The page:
Over the decades I’ve seen various thinkers assert that entropy causes something — usually it’s said that entropy causes time. Alternately that entropy causes time to only run in one direction. I think this is flat-out wrong and puts the trailer before the tractor. (Perhaps due to a jack-knife in logic.)
The problem I have is that I don’t understand how entropy can be viewed as anything but a consequence of the dynamical properties of a system evolving over time according to the laws of physics. Entropy is the result of physical law plus time.
It’s a “law” only in virtue of the laws of physics.
I’ve posted about this before (see: Thinking About Time and Time and Thermodynamics), so I won’t repeat myself (at least not much). This post is more about a little project I had some fun with this past week. As well as being its own goal for this post, the project is a step on the way to a related bigger project I’ve had in mind for some time.
I’m not as visual as some visual artists I know (just like I’m not as musical as some musicians I know), but I am visual (and musical), and I enjoy things like Mandelbrot zooms, visualizations of John Conway’s Life game (and myriad related videos), along with other animations of mathematics.
It’s not just the randomness of the visual, although I do also enjoy clouds, water waves, campfires, and other random visuals. (Ever watched the leaves of a distant Aspen shimmer in the wind? Awesome!) It’s also thinking about the math behind the animation. As I’ve written about before (more than once), the Mandelbrot is especially mind-blowing in that regard.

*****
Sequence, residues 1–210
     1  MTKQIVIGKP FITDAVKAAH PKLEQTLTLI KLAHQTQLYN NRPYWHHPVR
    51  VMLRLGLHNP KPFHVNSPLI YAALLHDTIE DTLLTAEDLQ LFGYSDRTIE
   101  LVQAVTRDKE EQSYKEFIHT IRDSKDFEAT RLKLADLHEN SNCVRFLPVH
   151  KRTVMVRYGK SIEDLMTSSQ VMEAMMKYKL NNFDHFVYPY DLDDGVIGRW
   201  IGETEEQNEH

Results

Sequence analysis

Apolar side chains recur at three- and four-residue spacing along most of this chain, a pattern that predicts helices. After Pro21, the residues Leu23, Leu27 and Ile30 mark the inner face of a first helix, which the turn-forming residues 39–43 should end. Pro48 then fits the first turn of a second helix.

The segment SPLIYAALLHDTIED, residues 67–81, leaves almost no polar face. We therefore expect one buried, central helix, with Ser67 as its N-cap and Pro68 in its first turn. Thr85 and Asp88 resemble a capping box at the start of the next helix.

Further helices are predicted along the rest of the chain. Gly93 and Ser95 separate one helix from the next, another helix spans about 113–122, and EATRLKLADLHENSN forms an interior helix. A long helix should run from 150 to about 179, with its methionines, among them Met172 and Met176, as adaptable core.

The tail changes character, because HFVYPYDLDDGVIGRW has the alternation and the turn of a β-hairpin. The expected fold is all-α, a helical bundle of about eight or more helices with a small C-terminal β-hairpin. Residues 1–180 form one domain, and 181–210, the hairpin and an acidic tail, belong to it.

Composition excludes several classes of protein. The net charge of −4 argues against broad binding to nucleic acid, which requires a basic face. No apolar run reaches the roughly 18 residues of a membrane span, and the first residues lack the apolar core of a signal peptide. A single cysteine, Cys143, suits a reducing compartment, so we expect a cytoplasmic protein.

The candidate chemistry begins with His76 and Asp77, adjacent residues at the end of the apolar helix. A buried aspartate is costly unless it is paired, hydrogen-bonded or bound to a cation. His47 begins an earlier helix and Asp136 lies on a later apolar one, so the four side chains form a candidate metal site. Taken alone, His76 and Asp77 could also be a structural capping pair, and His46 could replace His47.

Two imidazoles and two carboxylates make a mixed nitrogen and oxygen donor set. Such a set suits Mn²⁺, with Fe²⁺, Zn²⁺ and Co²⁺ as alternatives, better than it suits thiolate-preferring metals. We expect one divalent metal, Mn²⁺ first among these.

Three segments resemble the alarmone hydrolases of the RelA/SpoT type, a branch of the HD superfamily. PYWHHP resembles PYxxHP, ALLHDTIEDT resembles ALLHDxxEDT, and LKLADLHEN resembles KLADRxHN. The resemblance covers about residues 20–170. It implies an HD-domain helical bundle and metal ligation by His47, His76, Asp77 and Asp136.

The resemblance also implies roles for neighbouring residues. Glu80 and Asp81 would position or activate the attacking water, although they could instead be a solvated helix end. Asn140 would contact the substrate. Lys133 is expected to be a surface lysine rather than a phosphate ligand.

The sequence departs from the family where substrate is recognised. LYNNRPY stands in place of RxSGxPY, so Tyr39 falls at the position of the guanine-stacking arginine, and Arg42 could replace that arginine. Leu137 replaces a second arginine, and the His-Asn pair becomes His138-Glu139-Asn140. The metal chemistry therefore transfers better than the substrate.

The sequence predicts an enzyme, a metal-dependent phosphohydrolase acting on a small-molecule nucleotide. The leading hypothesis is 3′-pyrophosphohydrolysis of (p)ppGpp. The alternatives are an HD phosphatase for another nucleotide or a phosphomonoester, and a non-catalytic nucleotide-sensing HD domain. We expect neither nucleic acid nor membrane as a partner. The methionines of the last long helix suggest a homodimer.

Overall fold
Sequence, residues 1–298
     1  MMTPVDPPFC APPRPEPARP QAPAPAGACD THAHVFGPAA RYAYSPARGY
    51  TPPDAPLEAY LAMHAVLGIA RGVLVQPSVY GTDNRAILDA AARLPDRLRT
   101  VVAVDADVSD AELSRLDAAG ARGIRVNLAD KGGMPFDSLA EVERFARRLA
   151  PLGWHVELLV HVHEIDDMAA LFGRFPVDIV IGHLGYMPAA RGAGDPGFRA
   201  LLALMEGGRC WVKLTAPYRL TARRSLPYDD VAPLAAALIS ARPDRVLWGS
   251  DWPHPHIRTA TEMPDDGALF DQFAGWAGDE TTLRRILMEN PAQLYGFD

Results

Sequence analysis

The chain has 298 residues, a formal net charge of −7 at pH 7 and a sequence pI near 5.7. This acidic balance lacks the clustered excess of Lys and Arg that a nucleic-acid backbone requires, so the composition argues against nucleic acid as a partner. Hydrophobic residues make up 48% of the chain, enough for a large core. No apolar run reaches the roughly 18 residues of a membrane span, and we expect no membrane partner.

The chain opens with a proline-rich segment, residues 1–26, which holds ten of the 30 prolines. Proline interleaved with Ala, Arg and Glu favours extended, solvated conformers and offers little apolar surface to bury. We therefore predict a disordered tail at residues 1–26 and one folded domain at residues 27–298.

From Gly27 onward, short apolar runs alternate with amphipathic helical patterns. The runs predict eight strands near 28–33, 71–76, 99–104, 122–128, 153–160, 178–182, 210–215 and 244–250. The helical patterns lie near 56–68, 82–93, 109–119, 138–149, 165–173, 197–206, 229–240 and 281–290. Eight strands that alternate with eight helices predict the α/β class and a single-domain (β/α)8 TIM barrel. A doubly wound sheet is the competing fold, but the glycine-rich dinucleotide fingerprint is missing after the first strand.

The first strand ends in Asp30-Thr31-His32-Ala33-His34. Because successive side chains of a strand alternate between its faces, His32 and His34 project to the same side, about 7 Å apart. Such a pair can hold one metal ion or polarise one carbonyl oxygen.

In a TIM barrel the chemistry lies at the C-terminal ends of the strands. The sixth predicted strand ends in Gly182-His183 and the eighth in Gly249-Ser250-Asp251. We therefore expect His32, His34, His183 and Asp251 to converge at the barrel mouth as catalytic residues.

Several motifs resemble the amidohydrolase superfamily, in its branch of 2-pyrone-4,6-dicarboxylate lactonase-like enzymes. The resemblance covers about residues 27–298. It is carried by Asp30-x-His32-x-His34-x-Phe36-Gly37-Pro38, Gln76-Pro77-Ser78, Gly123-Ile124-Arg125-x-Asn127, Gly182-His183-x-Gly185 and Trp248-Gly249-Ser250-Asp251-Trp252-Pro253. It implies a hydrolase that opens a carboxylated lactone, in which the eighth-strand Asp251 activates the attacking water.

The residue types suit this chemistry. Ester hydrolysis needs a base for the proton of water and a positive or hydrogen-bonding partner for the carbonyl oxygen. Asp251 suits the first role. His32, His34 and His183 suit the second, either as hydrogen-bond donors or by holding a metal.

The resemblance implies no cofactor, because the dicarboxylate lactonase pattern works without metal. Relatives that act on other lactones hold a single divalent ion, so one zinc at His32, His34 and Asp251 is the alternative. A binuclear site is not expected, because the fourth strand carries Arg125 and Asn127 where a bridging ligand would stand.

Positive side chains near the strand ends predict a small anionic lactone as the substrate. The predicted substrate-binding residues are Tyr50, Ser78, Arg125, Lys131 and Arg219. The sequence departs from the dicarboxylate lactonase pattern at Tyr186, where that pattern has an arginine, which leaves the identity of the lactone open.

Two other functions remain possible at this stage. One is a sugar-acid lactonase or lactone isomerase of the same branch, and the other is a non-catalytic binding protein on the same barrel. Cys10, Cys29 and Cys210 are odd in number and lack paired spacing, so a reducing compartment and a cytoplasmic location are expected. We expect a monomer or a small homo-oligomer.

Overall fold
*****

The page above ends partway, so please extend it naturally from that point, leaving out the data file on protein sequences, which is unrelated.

Getting back to entropy, I’ve always liked those animations of particles that start off with all the particles concentrated in one corner and show how over time they spread out to fill the space uniformly.
I think it’s fun watching the little balls bounce around, and it’s interesting to focus on one to see what happens to it over time. Unfortunately, those animations are can be short, small, of bad resolution, drawing, or execution. Which gets me thinking, “Hmmm, I wonder if I could do something nice?”
Something like this:
And, hmmm, it turns out I can.
Surprisingly, it only took a few days to create. I would have finished sooner, but the first collision detection algorithm, in an attempt at being very fast, turned out to be very problematic (registering a single collision as multiple events due to overlap).
Doing actual distance calculations is slower, but I realized I don’t care about the true distance, only whether that distance is below a certain value. That means I can skip doing the square root in the distance calculation:
Which does speed up the code. (And doesn’t affect the animation — just the time it takes to create the frames.)
That worked great once I killed an amusing bug in the collision handling routine. In creating the vector between the colliding particles, I used the absolute delta values, so the vector always pointed into the (+,+) quadrant. But it needs to point in any direction, which requires true delta values, not absolute ones.